Additionally, some cities have begun developing an OSS database through household surveys, and rolled out IEC on FSSM. Capacity development is one of the key components of NIUA-SCBP support to the state. The Uttarakhand Academy of Administration (UAoA) facilitates orientation and advanced training on FSSM for state officials and other practitioners in line with national priorities through its partnership with NIUA-SCBP. To date, state officials from over 80 ULBs, including 15 Ganga towns, have been trained either online or offline.

Way Forward

Most ULBs in the state are small with less population3, and lack infrastructure for used water treatment. Therefore, to maximise utilisation of existing infrastructure, the Uttarakhand government is considering the clustering approach for streamlining FSSM across all the ULBs. Here, cities with existing or upcoming treatment infrastructure would serve as ‘hosts’ and smaller ULBs within 25 km would be the clusters.

For this, the state will seek to mobilise funds from SBM 2.0, which has allotted it Rs 203 crore for addressing the used water challenges. In this regard, UDD and Uttarakhand Urban Sector Development Agency (UUSDA), in consultation with NIUA, are preparing a sanitation plan for all 103 ULBs, to recommend appropriate septage management approaches. To strengthen the process, NIUA, in consultation with UDD, is also developing a strategy and investment plan which will help plan and secure funds from SBM 2.0 and AMRUT 2.0, while also identifying potential treatment clusters for all ULBs. There is also a commitment to ensure co- treatment in all existing and upcoming STPs within the state. The National Mission for Clean Ganga (NMCG) recently approved the implementation of co-treatment in existing STPs of Haridwar, Srinagar, Rishikesh and Devprayag. The state also intends to strengthen the capacity building on urban issues by establishing the State Urban Development Institute (SUDI) at UAoA, Nainital. This is envisioned as a state-funded training and research institute that will focus on urban issues including FSSM through training, research and documentation. The state government will fund SUDI for the coming four years.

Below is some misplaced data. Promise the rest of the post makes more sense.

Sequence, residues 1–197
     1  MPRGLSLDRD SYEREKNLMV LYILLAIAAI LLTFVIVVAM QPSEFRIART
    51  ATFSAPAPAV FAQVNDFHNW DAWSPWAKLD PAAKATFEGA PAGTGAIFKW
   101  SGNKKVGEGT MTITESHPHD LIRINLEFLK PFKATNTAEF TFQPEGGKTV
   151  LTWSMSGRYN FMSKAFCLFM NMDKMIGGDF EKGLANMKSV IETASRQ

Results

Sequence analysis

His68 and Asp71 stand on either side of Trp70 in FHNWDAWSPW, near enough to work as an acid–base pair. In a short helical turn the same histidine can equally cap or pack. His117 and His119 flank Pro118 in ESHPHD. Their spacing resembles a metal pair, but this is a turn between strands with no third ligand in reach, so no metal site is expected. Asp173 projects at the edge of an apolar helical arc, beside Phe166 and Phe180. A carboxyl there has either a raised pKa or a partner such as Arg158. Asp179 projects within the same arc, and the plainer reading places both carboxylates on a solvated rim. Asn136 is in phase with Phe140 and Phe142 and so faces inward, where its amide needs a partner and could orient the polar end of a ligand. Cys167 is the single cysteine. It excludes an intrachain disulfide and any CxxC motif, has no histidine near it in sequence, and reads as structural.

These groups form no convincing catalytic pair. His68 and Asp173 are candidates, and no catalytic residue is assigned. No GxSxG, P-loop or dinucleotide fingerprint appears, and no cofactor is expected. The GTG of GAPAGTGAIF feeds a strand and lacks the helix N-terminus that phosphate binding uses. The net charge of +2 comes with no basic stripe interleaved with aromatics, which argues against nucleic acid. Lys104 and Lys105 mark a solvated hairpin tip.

Uttarakhand state is taking steps towards achieving sustainable sanitation by addressing different aspects – policy regulation, capacity development, technical details – in an integrated manner. There is, however, a long way to go, given the unique challenges it faces as a mountain state, and catchment of the nation’s major rivers, while also being especially vulnerable to climate- induced disasters. The state’s experience can, therefore, offer insightful learnings for pursuing the Sustainable Development Goals.